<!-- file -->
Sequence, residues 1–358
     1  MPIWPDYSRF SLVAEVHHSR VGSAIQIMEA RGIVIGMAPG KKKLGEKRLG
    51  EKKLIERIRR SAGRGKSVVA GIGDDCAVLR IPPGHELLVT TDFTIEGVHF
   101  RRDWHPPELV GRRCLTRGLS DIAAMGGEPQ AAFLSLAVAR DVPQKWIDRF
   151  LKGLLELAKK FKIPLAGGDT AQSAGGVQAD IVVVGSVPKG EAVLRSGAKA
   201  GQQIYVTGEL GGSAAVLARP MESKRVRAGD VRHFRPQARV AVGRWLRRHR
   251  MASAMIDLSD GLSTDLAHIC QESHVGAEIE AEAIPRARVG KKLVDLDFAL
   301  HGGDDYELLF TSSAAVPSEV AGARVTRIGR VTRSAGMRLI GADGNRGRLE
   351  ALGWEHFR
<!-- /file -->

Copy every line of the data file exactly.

Sequence, residues 1–358
     1  MPIWPDYSRF SLVAEVHHSR VGSAIQIMEA RGIVIGMAPG KKKLGEKRLG
    51  EKKLIERIRR SAGRGKSVVA GIGDDCAVLR IPPGHELLVT TDFTIEGVHF
   101  RRDWHPPELV GRRCLTRGLS DIAAMGGEPQ AAFLSLAVAR DVPQKWIDRF
   151  LKGLLELAKK FKIPLAGGDT AQSAGGVQAD IVVVGSVPKG EAVLRSGAKA
   201  GQQIYVTGEL GGSAAVLARP MESKRVRAGD VRHFRPQARV AVGRWLRRHR
   251  MASAMIDLSD GLSTDLAHIC QESHVGAEIE AEAIPRARVG KKLVDLDFAL
   301  HGGDDYELLF TSSAAVPSEV AGARVTRIGR VTRSAGMRLI GADGNRGRLE
   351  ALGWEHFR